“Commander Macen spent the bulk of his career on the Cardassian desk. He rose to chief analyst, and then in the height of the Border Wars, Macen went out into the field. He spent ten years on the front lines.” Wren elaborated on Macen’s history, “He saw the creation of the Demilitarized Zone as a betrayal of the Federation colonists along the border and subsequently resigned after the Maquis formed up.”

“Did he say why?” Riker inquired.

“He’s on record as stating that the sacrifices made by the border colonies were effectively betrayed by the treaty and spat on the memory of those who have fought and died for the Federation,” Wren recited from memory.

“Sanctimonious sonuvabitch,” Halifax spat.

“These sentiments, and Macen’s own security clearances, are why Starfleet Intelligence marked him for observation,” Wren continued.

“How does Macen and his crew make a living?” Riker asked.

“They’re listed as freelance information brokers,” Moneii spoke again. “They have a thriving business supplying Federation and Bajoran luxury items to select Cardassian clientele. Their routes are specifically chosen to spirit them through active sectors affecting the border regions and the DMZ. Starfleet’s Admiral Nechayev is one of Macen’s chief clients of intelligence on this side of the border. She also mandated that he retain his security clearances when he resigned, which leads us to question if he really did resign or this is some covert operation.”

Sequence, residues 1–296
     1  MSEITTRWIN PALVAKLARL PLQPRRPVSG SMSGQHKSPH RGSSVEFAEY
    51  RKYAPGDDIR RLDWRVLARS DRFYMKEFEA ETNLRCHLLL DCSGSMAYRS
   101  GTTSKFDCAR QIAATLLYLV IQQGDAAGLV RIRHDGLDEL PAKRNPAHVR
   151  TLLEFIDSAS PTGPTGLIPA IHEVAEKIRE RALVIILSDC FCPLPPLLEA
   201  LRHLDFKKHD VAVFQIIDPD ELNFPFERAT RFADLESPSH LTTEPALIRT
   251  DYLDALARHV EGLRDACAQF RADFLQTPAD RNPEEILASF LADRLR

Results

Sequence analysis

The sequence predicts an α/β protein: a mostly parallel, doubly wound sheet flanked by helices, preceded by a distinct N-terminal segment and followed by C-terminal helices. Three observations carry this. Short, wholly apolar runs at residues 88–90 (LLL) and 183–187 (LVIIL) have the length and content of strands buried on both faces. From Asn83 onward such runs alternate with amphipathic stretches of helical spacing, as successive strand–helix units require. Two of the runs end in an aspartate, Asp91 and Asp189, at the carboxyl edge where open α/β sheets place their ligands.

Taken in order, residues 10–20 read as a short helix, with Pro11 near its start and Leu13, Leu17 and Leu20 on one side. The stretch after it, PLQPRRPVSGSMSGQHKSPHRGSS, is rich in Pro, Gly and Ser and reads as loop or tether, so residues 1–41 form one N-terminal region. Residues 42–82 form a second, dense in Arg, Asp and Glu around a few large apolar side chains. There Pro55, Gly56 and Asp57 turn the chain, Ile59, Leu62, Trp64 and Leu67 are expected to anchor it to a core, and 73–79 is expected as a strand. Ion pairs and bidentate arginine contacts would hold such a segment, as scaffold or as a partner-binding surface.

“Covert my ass,” Halifax retorted. “He sells the same data to Admiral Nechayev and the Maquis.”

“Which has yet to be proven,” Wren interjected.

“So what do we do about this situation, Lt. Riker?” Moneii asked.

“I beam aboard Macen’s ship and Wren comes with me,” Riker suggested.

“That’s not a bad idea,” Moneii mused. “He won’t like it though.”

“If Captain Macen wants me bad enough, he’ll negotiate,” Riker asserted.

“What do you think, Commander?” Moneii asked Halifax.

“I say we board them and arrest the whole lot for conspiring with terrorists,” Halifax urged.

Moneii started to roll her eyes, but she caught herself in time. “You know there won’t be any evidence whatsoever. This man is a professional spy.”

“It’ll shake him up,” Halifax insisted. “Maybe something will drop loose.”